David Einhorn on the case for Preferred Stock

David Einhorn on the case for Preferred Stock

David Einhorn on the case for Preferred Stock

At the Ira Sohn Conference, David Einhorn explained why Greenlight likes to buy preferred stock in many case over common equity. Below is a summary followed by the full presentation with examples of some equity holdings in an excel document.

There are many great companies with great balance sheets that suffer from low valuation multiples in the current environment, when market participants have enormous appetite to pay for yield, but little appetite to pay for earnings.  The traditional advice to such companies is to offer a dividend, but dividends often don’t work.  A stock with a low P/E multiple often just becomes a stock with a low P/E and an attractive dividend.

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Rather than enduring low multiples, companies can create value for shareholders by taking advantage of the situation by creating a new type of preferred security and distributing it to shareholders.  This new security, which we call Greenlight Opportunistic Use of Preferreds, or GO-UPs, would be perpetual preferred stock distributed directly to shareholders, so that shareholders would own and could separately trade both the GO-UP and the common stock.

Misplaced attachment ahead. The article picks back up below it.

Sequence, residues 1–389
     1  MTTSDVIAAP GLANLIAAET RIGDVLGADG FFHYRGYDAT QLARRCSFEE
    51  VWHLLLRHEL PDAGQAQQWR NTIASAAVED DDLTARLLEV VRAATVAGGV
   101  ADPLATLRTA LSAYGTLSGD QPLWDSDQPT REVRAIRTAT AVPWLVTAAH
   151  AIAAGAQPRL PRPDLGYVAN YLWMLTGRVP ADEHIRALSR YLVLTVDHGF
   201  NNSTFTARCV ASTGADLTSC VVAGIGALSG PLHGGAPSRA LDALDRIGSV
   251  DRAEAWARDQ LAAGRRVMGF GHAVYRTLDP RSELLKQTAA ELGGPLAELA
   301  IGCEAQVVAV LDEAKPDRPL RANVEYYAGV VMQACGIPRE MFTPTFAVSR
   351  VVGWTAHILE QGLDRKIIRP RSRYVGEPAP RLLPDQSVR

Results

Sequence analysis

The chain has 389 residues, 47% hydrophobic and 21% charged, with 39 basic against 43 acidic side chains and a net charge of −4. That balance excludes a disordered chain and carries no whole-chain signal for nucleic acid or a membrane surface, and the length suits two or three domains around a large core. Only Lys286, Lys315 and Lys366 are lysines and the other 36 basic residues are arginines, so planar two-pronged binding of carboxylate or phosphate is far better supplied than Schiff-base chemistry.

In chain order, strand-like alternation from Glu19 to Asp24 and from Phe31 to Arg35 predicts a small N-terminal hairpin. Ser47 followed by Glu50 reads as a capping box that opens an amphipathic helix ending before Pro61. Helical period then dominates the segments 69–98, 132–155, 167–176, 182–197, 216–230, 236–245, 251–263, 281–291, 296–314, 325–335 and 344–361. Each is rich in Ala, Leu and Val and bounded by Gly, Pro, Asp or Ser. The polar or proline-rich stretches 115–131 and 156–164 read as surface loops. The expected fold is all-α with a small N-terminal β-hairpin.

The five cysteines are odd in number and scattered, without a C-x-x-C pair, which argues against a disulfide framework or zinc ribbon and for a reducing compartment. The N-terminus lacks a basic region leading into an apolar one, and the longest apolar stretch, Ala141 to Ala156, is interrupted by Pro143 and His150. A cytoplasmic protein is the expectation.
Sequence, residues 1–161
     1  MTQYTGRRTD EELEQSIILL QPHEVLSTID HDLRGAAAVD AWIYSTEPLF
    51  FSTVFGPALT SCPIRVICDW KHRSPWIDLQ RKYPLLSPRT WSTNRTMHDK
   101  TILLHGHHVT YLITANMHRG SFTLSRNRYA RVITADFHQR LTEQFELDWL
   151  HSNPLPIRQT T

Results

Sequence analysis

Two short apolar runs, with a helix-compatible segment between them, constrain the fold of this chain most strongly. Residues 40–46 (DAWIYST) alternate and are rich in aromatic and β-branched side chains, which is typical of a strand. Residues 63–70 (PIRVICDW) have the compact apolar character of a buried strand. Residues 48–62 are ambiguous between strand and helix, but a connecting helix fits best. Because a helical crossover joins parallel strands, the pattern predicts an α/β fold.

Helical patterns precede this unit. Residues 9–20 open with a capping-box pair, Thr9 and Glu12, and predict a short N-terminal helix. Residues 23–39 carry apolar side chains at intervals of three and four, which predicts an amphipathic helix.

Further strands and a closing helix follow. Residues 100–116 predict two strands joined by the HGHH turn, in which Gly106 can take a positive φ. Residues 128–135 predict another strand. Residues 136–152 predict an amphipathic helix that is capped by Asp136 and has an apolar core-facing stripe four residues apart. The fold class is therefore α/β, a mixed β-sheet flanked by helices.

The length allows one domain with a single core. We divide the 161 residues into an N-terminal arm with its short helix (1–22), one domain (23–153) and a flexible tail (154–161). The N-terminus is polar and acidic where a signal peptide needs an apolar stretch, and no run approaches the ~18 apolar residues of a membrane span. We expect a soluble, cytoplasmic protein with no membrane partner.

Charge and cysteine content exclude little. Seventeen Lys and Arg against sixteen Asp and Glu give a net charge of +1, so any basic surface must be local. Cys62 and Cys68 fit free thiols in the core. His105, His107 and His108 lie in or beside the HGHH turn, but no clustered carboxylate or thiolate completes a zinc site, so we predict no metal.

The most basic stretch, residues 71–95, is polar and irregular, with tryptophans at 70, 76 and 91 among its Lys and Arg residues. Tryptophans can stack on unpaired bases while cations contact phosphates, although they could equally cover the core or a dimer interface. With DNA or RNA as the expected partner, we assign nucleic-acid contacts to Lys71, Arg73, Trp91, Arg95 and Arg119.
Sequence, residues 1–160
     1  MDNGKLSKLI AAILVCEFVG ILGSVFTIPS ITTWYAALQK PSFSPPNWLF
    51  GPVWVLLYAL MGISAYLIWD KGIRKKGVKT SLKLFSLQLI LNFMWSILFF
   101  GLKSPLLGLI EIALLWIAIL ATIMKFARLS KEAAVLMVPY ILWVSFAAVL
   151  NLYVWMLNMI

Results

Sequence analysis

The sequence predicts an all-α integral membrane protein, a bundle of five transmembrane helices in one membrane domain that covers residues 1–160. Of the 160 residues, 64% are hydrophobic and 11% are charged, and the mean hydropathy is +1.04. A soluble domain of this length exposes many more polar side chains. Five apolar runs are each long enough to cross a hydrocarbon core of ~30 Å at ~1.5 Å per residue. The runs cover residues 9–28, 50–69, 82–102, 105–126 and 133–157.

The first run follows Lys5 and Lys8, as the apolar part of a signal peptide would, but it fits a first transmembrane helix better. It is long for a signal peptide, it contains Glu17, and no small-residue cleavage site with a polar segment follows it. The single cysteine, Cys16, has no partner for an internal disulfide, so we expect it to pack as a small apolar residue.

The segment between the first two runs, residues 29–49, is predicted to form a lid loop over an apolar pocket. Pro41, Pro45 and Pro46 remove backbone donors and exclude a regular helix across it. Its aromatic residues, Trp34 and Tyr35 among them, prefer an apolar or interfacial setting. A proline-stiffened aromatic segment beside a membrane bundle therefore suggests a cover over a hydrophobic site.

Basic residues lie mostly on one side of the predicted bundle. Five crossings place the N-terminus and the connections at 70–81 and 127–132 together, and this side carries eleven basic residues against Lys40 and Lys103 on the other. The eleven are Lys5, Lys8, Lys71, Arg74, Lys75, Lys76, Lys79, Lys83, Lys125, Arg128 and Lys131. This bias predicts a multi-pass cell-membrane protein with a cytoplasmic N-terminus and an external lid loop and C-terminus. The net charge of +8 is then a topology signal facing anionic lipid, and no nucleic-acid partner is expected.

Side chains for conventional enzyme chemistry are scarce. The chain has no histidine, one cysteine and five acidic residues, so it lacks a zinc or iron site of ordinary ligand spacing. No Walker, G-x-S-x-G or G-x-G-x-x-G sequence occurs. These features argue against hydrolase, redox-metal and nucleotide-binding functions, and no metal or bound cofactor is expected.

The “liquidation preference” of the GO-UP would represent a meaningful percentage of the existing market capitalization, and would carry the following terms, allowing it to trade at or near par:


  • 4-6% dividend rate, which would be taxed at preferential rates.
  • Quarterly cash payments, which would be cumulative and subject to Board approval.
  • Customary protective provisions for similar securities.  For example, Board representation in the event of two consecutive missed dividends.

GO-UPs would have many benefits to issuers:

  • Since the liquidation preference only needs to be satisfied upon a sale or wind-down of the business, there is no immediate use of cash, no maturity or refinancing risk, and no default risk.
  • The GO-UP would be displayed as a component of equity on the balance sheet and not as debt. Should times turn tough, the board could defer dividend payments.
  • The company would maintain all its current resources to pursue its business strategy.
  • These would be very high quality credits, as each company holds several years of dividend payments in idle cash on their balance sheet. The GO-UP would trade to reflect long-term interest rate expectations.
  • The GO-UPs would be bought or sold as needed to suit investment goals. Some people will keep them and some can sell.

This idea should be appealing to management teams, because it allows employees to achieve personal liquidity without needing to sell common stock.  GO-UPs unlock value by converting low multiple net income into low yielding preferred stock.  The value arbitrage is very large and the potential value unlock is remarkable as we show in the model below.

Some may object that there is no precedent for this idea. That is because this is a new idea.

Below is Einhorn’s presentation on preferreds and an excel spreed on some companies he owns:




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